On Saturday, January 19, tens of thousands of gun enthusiasts gathered nationwide at gun shops, shooting ranges, and 49 state capitols. About 800 rallied in Boise at the Idaho Statehouse, according to one estimate. Many carried signs that denounced President Obama and equated gun control with totalitarianism. Some contended that gun rights are god given or family friendly. They called it Guns Across America.

It’s an image that Idaho has cultivated for generations. Its penetration in the national media is deep. In the latest James Bond flick, for example, when Bond returns to his ancestral manor in Scotland, he’s informed that the family armory has been sold off to a collector in Idaho.

Earlier this month, comedian Stephen Colbert launched the ill-fated Citadel development to national prominence: “Tonight I want to tell you about an exciting new real estate opportunity. It’s a walled and armed community of up to 7,000 families living on 3,000 acres in the mountains of Idaho called The Citadel. Not to be confused with the armed community of 1.5 million people living in the mountains of Idaho called … Idaho.” See Colbert report on The Citadel.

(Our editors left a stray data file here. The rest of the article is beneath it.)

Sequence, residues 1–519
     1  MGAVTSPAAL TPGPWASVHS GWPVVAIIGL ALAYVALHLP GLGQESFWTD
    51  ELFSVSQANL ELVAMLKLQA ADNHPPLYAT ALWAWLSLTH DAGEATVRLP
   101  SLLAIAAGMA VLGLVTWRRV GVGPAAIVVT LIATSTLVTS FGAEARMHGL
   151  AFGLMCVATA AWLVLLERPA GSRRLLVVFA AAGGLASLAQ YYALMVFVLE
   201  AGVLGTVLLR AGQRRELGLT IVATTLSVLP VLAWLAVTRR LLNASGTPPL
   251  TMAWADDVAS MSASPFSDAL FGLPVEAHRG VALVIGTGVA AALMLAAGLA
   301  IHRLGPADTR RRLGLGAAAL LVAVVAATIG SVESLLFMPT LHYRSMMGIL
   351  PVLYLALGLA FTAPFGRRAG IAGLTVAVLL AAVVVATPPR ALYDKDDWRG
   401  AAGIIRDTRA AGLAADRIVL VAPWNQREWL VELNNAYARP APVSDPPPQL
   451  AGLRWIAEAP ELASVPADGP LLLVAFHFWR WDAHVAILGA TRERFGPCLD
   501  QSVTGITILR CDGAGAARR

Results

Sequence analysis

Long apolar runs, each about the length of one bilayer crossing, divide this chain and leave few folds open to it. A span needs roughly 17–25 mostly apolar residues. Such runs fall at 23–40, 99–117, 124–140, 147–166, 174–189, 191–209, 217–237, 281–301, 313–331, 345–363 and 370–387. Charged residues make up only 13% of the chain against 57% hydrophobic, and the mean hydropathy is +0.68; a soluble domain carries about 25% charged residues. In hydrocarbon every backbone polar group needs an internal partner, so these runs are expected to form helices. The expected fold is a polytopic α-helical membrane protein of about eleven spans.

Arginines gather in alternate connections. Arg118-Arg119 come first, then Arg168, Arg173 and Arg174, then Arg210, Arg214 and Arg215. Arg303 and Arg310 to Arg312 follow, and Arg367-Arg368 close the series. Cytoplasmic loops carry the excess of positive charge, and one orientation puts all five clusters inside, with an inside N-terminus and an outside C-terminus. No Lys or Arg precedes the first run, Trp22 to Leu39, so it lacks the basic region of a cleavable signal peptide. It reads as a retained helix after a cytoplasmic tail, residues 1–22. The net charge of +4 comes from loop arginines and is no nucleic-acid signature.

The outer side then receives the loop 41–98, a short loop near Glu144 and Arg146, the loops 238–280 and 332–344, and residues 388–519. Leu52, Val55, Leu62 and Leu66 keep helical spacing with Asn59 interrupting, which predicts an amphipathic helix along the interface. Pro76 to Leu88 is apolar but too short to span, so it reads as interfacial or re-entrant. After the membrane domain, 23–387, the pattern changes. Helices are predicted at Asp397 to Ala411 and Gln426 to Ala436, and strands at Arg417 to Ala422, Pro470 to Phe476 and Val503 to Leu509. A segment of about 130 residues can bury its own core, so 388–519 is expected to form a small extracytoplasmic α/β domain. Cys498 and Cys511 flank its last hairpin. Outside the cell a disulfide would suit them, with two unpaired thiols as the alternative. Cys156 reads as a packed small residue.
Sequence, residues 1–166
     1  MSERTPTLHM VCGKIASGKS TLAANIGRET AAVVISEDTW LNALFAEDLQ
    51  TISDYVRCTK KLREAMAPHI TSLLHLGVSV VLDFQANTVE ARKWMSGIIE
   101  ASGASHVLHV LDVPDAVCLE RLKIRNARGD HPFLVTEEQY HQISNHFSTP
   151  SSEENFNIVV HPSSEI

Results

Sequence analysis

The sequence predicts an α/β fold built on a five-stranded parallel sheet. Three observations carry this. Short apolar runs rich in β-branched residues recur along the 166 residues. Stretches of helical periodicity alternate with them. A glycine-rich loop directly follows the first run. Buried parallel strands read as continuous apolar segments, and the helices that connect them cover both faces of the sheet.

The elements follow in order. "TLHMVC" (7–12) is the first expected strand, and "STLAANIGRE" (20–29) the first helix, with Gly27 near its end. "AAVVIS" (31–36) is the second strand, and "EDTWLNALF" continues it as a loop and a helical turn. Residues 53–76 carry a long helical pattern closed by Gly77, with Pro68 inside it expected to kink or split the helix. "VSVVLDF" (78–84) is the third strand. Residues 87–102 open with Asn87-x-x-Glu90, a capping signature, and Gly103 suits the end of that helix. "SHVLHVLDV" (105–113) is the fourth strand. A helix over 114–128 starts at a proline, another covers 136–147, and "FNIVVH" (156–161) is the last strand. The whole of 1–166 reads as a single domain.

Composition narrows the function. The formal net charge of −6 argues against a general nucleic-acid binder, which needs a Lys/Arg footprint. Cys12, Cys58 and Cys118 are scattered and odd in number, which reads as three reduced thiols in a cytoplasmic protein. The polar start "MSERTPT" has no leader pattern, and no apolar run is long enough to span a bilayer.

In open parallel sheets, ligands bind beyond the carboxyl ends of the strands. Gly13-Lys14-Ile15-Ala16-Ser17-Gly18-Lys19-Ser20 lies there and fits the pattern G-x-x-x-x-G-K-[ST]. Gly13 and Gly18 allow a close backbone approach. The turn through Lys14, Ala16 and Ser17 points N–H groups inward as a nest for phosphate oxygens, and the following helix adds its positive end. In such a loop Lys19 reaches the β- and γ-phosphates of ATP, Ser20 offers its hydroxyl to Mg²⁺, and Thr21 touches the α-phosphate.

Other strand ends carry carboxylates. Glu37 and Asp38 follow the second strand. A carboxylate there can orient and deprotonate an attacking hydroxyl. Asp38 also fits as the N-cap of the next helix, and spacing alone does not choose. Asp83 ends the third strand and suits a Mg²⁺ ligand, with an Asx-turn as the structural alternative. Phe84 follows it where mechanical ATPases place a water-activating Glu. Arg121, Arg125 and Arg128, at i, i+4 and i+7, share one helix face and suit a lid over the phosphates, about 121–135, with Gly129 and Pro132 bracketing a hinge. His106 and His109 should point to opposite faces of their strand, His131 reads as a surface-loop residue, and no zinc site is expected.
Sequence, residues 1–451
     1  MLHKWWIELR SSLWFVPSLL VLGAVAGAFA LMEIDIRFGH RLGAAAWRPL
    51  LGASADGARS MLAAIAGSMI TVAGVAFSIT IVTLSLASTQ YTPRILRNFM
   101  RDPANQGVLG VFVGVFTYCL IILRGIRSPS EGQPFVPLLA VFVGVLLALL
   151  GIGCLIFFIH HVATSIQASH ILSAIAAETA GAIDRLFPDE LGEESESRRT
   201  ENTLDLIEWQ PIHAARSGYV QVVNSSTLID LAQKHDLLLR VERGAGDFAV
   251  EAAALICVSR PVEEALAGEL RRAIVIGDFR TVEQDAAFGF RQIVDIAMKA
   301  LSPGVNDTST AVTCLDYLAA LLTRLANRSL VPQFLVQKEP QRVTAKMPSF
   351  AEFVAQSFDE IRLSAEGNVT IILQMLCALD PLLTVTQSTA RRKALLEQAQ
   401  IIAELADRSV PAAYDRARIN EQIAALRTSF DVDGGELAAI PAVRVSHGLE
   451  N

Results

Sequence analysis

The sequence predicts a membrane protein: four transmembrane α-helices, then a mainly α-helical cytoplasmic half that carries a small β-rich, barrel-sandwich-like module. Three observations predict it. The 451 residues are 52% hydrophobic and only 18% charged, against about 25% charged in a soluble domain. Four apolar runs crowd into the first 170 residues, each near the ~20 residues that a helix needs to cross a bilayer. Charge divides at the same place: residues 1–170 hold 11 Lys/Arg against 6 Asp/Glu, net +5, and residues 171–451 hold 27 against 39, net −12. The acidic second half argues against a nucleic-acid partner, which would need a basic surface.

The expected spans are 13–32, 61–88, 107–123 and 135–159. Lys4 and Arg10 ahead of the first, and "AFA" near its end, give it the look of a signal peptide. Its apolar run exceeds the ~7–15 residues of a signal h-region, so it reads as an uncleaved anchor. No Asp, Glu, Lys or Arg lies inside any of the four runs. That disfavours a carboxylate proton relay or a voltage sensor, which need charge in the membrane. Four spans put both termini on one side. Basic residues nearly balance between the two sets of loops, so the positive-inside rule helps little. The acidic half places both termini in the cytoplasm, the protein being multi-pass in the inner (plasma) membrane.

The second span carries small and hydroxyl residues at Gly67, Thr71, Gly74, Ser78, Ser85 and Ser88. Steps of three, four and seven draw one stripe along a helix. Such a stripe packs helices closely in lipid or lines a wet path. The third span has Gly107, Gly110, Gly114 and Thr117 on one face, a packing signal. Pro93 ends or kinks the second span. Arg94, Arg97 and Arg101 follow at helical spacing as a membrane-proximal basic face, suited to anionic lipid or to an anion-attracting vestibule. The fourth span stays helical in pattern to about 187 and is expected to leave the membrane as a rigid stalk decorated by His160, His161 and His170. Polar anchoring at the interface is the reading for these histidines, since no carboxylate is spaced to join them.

Inside the Idaho Statehouse on Saturday, families with children displayed their family weaponry—from hunting rifles and pistols to military-style firearms. The marble rotunda flooded with camouflage jackets and flags, and nary a counter protester. Boise portrait photographer Allan Ansell documented the event for The Blue Review.

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The views and opinions expressed here are those of the writer and do not necessarily reflect those of Boise State University, the Center for Idaho History and Politics, or the School of Public Service.